Diamonds and disappearing tax revenues

One of the UK's largest AIM-listed company uses a series of tax havens to avoid paying taxes and contributing to the development of the countries in which it operates.\r\n

Petra Diamonds, the largest diamond mining group listed on the UK’s Alternative Investment Market (AIM), may deal in the glittering rocks bringing lovers together in holy matrimony, but Petra’s behind-the-scenes activities are not about love and togetherness. The Africa-focused company, with a resource base of 261m carats, landed a $40m loan agreement with the World Bank’s International Finance Corporation in September to support the expansion of the company’s Williamson diamond mine in Tanzania.

Will any of this benefit the Tanzanian government or the Tanzanian people? All the revenue from production is to be channelled through Willcroft Company Limited, a 100% owned intermediary company based in Bermuda, a tax haven, before being remitted back to Williamson Diamonds Limited (Tanzania). Bermuda is just one of over 30 tax havens belonging to the UK and ‘managed’ through the City of London.

Why does this matter? Each year, developing countries lose over $385bn to mispricing, while more than 60% of Africa’s capital flight is caused by corporate tax avoidance and evasion. This occurs primarily through the use of jurisdictions structured to provide environments to facilitate such activities.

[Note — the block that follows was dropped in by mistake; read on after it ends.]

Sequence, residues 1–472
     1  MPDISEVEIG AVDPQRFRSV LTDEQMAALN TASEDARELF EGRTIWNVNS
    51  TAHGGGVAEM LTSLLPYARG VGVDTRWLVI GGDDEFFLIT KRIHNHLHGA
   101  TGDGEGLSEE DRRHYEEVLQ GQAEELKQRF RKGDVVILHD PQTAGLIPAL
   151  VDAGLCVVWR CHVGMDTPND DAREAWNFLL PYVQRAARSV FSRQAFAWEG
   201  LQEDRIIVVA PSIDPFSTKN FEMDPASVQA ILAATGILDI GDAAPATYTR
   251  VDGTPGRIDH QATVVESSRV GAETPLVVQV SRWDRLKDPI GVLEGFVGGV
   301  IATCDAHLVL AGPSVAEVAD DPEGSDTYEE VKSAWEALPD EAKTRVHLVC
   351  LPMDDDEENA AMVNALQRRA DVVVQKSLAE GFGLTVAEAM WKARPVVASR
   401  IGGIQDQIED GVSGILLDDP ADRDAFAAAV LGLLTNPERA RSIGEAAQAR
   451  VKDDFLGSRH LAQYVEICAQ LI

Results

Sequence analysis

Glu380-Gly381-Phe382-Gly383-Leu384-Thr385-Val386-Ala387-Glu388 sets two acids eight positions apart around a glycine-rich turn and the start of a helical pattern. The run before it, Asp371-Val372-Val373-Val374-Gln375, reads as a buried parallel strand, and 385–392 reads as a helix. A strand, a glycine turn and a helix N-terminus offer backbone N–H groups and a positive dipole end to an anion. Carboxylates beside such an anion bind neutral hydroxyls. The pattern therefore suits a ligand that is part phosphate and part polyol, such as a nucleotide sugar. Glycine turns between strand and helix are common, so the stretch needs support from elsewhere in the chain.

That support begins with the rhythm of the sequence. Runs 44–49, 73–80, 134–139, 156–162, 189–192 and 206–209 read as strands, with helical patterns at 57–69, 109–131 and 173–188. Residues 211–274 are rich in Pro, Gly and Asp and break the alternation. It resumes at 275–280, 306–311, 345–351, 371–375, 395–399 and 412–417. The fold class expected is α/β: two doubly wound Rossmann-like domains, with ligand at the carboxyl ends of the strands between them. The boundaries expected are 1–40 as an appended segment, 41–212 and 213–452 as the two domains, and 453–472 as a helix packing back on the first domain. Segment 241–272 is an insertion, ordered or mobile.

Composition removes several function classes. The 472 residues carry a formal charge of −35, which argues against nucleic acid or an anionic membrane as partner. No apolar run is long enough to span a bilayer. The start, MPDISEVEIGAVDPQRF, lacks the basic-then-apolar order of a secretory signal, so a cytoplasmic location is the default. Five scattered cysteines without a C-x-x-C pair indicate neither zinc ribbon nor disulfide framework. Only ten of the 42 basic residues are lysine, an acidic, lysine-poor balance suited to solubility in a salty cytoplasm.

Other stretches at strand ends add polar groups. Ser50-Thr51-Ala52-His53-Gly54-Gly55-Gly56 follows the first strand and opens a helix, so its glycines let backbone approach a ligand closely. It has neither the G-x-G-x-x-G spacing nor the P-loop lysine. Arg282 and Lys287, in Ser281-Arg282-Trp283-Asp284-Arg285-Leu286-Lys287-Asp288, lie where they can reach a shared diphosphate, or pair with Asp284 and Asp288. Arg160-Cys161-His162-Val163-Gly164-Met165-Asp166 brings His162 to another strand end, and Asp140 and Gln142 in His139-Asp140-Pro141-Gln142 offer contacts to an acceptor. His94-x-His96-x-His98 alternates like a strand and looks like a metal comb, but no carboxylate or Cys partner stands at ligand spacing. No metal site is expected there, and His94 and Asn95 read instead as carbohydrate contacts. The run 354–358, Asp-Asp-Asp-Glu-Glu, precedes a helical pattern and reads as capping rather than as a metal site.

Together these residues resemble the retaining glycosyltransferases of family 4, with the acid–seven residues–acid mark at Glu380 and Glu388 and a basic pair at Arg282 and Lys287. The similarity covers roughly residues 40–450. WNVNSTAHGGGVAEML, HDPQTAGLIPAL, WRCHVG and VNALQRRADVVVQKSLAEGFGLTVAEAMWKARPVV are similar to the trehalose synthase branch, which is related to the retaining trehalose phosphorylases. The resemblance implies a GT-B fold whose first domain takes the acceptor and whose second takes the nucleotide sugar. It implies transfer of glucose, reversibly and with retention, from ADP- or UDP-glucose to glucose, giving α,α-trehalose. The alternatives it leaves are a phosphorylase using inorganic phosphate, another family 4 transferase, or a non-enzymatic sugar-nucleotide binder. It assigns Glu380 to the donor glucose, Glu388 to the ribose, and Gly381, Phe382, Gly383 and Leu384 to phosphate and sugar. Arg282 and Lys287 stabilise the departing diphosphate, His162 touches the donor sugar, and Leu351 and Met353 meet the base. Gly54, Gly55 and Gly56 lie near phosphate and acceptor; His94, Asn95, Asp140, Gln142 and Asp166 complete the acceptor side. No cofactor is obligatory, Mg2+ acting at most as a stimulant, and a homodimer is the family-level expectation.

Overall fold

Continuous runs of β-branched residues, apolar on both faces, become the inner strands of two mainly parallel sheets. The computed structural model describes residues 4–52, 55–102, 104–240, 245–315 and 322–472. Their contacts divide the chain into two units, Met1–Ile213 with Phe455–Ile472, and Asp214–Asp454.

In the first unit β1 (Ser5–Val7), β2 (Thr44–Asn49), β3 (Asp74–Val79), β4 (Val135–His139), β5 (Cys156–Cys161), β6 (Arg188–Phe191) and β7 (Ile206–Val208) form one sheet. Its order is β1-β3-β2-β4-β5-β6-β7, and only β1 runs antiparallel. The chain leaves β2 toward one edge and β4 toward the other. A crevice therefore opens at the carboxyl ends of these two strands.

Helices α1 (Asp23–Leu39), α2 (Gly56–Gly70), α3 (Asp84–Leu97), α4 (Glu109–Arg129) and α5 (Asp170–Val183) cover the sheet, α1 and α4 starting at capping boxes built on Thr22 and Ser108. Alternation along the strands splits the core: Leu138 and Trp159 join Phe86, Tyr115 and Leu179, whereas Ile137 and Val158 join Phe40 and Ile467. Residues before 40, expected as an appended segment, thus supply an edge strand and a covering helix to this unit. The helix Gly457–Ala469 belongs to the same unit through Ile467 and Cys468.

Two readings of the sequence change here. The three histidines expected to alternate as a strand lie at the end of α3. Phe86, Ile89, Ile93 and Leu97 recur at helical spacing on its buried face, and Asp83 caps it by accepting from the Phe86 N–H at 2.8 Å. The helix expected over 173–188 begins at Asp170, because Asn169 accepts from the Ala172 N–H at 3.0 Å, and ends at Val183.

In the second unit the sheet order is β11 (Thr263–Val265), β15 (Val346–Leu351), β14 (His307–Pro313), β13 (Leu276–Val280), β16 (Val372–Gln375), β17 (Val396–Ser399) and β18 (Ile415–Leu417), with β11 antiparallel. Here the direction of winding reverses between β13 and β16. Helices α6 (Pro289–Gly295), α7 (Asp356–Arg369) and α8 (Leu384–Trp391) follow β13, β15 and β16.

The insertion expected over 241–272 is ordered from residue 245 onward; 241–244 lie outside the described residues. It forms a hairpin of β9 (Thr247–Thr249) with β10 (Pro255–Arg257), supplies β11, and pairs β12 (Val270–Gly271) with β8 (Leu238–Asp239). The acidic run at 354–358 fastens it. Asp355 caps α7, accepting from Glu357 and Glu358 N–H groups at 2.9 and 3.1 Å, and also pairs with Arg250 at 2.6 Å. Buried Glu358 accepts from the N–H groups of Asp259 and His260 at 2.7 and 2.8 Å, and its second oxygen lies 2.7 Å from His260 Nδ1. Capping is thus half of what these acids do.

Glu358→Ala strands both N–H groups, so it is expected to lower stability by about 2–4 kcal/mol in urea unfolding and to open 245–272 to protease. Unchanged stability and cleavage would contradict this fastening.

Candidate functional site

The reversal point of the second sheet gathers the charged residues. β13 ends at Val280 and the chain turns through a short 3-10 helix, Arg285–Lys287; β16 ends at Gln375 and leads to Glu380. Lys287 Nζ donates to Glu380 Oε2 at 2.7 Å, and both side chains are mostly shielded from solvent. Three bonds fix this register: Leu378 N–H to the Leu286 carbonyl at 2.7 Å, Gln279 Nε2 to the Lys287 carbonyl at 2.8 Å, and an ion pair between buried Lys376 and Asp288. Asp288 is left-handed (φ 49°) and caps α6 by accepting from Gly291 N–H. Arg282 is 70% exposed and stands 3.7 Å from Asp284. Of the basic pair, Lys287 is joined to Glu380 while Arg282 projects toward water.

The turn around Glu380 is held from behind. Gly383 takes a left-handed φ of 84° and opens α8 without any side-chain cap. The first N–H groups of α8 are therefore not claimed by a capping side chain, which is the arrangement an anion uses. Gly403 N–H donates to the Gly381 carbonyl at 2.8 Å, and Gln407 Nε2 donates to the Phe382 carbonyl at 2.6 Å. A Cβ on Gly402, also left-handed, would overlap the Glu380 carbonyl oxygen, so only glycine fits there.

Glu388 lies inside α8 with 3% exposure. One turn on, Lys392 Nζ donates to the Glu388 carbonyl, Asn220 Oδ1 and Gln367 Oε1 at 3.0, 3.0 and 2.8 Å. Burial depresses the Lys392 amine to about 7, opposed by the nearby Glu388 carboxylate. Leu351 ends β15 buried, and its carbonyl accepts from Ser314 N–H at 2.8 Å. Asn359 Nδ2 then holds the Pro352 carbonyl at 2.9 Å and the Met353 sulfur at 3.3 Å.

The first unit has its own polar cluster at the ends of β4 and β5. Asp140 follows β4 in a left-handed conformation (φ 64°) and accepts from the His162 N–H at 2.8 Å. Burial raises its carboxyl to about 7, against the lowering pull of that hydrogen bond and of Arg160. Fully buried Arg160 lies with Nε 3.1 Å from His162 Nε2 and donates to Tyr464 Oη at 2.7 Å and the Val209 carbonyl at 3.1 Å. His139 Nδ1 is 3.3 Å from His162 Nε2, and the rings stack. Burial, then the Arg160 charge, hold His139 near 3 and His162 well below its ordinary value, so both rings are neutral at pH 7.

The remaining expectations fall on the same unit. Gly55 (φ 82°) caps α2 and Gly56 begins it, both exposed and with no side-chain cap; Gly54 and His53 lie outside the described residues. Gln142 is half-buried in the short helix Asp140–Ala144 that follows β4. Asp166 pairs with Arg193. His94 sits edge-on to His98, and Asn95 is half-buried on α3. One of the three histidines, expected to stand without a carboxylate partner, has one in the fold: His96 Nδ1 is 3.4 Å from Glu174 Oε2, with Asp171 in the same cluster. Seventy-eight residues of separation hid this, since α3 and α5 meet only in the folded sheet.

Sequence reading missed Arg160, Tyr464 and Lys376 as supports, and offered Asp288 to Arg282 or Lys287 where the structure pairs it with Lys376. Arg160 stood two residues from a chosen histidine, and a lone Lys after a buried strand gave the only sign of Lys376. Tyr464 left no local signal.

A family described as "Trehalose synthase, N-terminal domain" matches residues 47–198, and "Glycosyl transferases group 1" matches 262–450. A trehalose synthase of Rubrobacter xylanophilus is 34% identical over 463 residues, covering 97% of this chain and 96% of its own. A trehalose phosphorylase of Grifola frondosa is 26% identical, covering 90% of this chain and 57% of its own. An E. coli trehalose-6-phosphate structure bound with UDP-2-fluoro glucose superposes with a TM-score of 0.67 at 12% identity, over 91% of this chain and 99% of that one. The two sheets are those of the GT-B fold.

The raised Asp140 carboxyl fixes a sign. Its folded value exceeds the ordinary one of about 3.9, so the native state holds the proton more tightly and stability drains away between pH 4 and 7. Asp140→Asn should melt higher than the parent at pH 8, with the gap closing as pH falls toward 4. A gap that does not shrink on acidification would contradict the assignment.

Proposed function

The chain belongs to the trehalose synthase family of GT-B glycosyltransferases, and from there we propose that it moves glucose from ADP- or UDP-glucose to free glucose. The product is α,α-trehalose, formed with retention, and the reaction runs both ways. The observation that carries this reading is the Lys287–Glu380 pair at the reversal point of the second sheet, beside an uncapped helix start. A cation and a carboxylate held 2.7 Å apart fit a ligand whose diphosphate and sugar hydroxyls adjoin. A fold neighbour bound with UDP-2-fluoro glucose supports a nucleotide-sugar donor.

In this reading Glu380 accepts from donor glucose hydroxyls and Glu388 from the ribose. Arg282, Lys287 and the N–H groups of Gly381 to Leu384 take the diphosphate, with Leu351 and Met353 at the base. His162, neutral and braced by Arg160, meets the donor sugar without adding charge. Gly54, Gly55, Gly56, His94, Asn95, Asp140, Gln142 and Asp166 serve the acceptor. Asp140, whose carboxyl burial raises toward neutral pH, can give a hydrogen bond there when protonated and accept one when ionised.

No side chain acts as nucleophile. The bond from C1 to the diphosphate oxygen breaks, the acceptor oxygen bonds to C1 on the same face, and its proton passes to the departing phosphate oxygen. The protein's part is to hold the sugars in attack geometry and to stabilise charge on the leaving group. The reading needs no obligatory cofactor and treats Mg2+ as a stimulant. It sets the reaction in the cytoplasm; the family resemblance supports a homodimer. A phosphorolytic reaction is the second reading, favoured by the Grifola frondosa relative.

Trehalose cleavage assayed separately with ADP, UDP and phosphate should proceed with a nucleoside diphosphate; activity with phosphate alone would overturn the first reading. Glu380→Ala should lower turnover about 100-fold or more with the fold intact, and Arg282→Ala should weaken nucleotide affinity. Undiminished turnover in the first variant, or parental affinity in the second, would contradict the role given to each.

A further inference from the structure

An estimated 26% of Bermuda’s GDP is generated from a host of ‘secrecy’ services designed to cater to the needs of foreign clients. Besides the near-zero tax holidays, Bermuda provides company redomiciliation, protected cell companies, and a lack of disclosure concerning company ownership, beneficial or ultimate ownership. Petra is only one of over 480 multinationals to maintain subsidiaries in Bermuda.

Secrecy lends itself to corruption. The opacity concerning beneficial owners (those ultimately benefitting from resource revenue) opens the door to potential corruption at the lower or higher state level acting in direct collaboration with the corporation. The Tanzanian government holds 25% and Petra 75% of the Tanzanian entity (Williamson Diamonds Limited).

Tanzania is not the only country to have resources funnelled through a tax haven: Petra’s mines in South Africa transfer revenues through Cullinan Investment Holdings Limited based in the British Virgin Islands. The company’s exploration activities in Sierra Leone are similarly passed through an entity based in the Seychelles called Basama Diamonds Limited (51%).